There's one other change this year: In the championship game previews, I've split those weekly DVOA graphs in two, separating offense and defense. Once you do this for Arizona and Philadelphia, you realize where this game will really be won or lost. Larry Fitzgerald may be the best player on the field this week, but he's less of a difference-maker than you might think.
|Full Season||Without ARI 13-16|
|ARI OFF||PHI DEF||ARI OFF||PHI DEF|
|DVOA||11.9% (10)||-20.7% (3)||20.1% (6)||-19.5% (3)|
|WEI DVOA||8.8% (13)||-24.8% (2)||17.0% (10)||-23.6% (2)|
|PASS||24.8% (7)||-22.1% (3)||37.6% (3)||-20.7% (4)|
|RUSH||-11.7% (28)||-19.1% (3)||-9.2% (29)||-18.2% (3)|
|RED ZONE||14.1% (12)||-19.8% (6)||10.2% (12)||-25.5% (5)|
Even during their late-season collapse, Arizona's offense was actually extremely consistent this year -- with one colossal exception, the week they had to play in the snow against New England. Otherwise, Arizona's only other below-average game on offense was the game against Philadelphia, and it really isn't that far below 0%.. In our imaginary world where Arizona didn't play in Weeks 13-16, the Arizona has the league's most consistent offense according to VARIANCE. In the real world, the Arizona offense ranked 21st in VARIANCE.
The Philadelphia defense has been even more consistent than the Arizona offense, particularly over the second half of the season. Philadelphia has not had a defensive DVOA over -10% in any game since their Week 7 bye. The stats for the Philadelphia defense barely change, even if we remove the Thanksgiving blowout of Arizona.
After watching Larry Fitzgerald run free in the zones between Carolina defenders, every football fan is asking the same question: "How can the Eagles can possibly stop him?" The answer is: They won't have to. All the Eagles need to do is limit Fitzgerald's production somewhat. If the Eagles can hold back the rest of the Arizona offense, a 100-yard day from Larry Fitzgerald won't kill them.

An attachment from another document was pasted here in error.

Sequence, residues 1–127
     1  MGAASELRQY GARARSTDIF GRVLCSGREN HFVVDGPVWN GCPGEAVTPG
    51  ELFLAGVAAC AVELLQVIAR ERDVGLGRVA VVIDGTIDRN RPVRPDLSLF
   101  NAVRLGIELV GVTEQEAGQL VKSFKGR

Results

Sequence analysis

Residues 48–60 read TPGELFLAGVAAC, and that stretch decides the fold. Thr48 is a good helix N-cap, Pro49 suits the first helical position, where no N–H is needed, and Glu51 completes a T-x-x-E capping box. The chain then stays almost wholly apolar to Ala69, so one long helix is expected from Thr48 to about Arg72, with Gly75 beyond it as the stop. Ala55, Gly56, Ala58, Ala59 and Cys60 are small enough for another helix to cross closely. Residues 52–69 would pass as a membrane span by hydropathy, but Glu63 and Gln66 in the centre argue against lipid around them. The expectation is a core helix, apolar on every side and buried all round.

In the first meeting of these teams, the Eagles limited Fitzgerald to five catches on eight passes for 65 yards. More important, from an Eagles perspective, is that Fitzgerald made his plays against their worst cornerback, Lito Sheppard. Sheppard started the year as the nickelback but gradually lost that job to Joselio Hanson. On Thanksgiving, however, Sheppard spent most of the game on the field because the Cardinals' base offense is three-wide and starter Asante Samuel was injured. According to our game charter, Fitzgerald caught both his touchdowns as well as a 40-yard bomb while Sheppard was covering him. If Lito Sheppard is anywhere near Fitzgerald this Sunday, it will mean one of three things: